each of the reunions I have attended, I have paid tribute
to the black flag numbering the deaths of our fallen
brothers. The sacrifices that Blackhorse has made, however,
extend beyond the lives of those lost in battle. Now,
thirty years later, having escaped the jungle and the
enemys bullets, I am far from leaving it all behind.
I may have made it home, but not without being exposed
to the herbicide that is slowly debilitating many Vietnam
veterans: Agent Orange. It is a persistent enemy that
I fear some may soon forget.
For those of us who were there, Agent Orange is an impossibility
to forget. It is the younger generation of soldiers
that needs to know about its terrible effects. Fifty
years from now I want the attendees of our Blackhorse
Reunions to know that our sacrifices extended beyond
the 716 troopers we lost during the Viet Nam War. The
number does not accurately reflect how the survivors
paid with their quality of life.
Young troopers need to know about the Atomic Veteranswho
were knowingly exposed to ionizing radiation from atomic
and nuclear weapons testing. In the fifties, these veterans
were used as lab rats, exposed to atomic blasts in Nevada.
It wasnt until the early 1980s that the government
finally admitted to a connection between the veterans
various cancers and their subjection to government-sanctioned
experiments in radiation. By this time, unfortunately,
most of the vets have died.
There are some people that know about the toxins vets
were exposed to during the Persian Gulf War. Like their
predecessors, these veterans have a syndrome all their
own. The government has yet to determine that a health
problem amongst the Gulf War veterans exists. Someday
they may determine causality but that day may come long
after the veterans have expired.
After almost thirty years, Agent Orange is now recognized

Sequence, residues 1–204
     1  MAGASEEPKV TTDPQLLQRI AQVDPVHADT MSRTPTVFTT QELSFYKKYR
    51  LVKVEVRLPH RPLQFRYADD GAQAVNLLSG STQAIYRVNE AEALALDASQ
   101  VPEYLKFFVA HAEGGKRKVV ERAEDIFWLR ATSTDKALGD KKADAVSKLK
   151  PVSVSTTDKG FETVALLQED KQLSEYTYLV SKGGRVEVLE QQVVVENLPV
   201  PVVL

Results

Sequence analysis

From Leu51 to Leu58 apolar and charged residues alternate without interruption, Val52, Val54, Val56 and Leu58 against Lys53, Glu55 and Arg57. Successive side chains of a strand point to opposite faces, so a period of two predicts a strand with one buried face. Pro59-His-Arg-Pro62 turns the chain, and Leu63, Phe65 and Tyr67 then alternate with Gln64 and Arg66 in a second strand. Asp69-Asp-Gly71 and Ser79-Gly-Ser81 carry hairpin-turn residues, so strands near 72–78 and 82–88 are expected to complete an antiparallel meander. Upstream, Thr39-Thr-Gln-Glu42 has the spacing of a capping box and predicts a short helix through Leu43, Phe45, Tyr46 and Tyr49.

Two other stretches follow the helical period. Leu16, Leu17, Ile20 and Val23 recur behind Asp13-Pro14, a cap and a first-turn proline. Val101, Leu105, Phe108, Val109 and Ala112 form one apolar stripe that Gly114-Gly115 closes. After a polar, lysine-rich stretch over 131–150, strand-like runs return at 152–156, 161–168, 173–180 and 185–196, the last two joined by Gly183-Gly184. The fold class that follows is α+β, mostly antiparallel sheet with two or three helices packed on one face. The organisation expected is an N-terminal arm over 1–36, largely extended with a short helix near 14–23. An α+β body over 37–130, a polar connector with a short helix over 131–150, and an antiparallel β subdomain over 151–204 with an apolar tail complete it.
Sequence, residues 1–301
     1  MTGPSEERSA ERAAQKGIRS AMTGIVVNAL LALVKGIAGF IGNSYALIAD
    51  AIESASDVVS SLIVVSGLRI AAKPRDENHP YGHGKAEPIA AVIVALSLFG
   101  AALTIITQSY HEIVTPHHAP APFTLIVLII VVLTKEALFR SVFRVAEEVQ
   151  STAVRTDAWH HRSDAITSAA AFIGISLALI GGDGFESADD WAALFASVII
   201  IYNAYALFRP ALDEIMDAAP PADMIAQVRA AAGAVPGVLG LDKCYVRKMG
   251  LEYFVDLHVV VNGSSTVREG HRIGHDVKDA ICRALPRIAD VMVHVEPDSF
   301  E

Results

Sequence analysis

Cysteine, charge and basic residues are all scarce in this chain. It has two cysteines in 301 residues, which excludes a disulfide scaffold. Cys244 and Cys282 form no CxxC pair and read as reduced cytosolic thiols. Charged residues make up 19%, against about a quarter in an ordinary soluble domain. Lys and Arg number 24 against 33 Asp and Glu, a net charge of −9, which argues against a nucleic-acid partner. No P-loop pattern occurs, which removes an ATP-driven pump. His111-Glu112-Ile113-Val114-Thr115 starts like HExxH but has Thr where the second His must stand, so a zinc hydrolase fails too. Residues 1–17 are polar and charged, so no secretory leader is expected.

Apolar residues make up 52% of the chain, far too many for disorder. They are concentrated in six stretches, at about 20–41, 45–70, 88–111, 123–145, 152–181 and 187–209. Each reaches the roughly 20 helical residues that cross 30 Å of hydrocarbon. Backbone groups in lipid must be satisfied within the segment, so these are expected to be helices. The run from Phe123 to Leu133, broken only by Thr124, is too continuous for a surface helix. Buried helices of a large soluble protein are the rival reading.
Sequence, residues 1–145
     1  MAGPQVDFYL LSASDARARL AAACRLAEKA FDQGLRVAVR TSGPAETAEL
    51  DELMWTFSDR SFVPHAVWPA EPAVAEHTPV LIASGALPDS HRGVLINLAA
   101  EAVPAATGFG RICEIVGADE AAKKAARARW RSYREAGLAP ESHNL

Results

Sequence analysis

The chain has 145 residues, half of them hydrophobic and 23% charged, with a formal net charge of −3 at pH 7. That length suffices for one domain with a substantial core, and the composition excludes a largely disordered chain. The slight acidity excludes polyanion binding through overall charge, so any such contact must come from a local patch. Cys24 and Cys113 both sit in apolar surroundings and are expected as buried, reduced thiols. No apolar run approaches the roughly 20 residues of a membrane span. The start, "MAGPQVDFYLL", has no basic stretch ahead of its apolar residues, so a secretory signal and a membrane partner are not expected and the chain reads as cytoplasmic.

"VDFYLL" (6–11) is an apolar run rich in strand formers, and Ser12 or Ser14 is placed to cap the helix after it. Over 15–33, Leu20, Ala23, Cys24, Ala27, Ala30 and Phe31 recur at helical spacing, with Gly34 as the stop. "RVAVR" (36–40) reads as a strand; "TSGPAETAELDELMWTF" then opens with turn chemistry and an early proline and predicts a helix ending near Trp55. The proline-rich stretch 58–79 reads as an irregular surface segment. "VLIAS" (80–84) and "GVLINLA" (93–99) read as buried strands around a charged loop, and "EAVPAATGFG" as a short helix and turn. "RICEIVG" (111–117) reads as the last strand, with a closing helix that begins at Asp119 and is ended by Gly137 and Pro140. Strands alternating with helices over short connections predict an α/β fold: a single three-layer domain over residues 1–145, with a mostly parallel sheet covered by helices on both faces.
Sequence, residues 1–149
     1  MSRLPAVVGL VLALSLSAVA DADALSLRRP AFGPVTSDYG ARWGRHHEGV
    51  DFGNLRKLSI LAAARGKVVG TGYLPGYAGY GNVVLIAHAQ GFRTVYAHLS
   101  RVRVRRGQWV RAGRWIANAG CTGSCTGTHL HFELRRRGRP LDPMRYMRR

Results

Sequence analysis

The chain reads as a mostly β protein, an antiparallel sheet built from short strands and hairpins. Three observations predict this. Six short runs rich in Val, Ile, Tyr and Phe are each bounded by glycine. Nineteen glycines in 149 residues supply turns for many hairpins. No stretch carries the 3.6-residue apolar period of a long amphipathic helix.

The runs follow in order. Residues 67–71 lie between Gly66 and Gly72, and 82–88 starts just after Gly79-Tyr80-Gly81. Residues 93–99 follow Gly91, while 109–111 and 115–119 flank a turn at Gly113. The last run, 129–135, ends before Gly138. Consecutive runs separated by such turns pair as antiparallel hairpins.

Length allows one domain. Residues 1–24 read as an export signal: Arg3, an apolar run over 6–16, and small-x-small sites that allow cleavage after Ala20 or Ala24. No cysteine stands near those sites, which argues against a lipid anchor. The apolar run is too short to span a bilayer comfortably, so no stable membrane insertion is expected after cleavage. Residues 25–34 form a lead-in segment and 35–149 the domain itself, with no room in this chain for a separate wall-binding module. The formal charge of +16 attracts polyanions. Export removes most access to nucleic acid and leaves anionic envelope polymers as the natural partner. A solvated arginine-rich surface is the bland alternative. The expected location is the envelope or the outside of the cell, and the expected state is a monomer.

as a harmful herbicide that endangered the lives of
many vets. There are over 300,000 veterans who are on
The Registry, waiting in line for exams
at the V.A., waiting for review boards to verify medical
documentation. These veterans are waiting to be considered
for compensation. Some have been compensated. Most,
however, must endure the claims process and resolutions
will most likely come when most of us have passed on.
Being ill due to my participation in the war upsets
me. It is a great strain on my family. My greater pain,
however, lies in the possibility that my grandchildren
and future generations will be unaware of our true plight.
If the future is ignorant of its past, then it will
repeat its mistakes. The soldiers of tomorrow will become
lab rats once again, continuing the cycle.
I have checked with other Viet Nam organizations and
the 11th ACR organization seems to be making an effort
in uncovering the effects of Agent Orange within its
own unit. Why not prove we are the number one Association
by being the first to analyze this problem more thoroughly.
It is a means of expressing our respect and acknowledging
the dedication we have all demonstrated. We must not
let our future troopers forget the sacrifices that we
made for the war.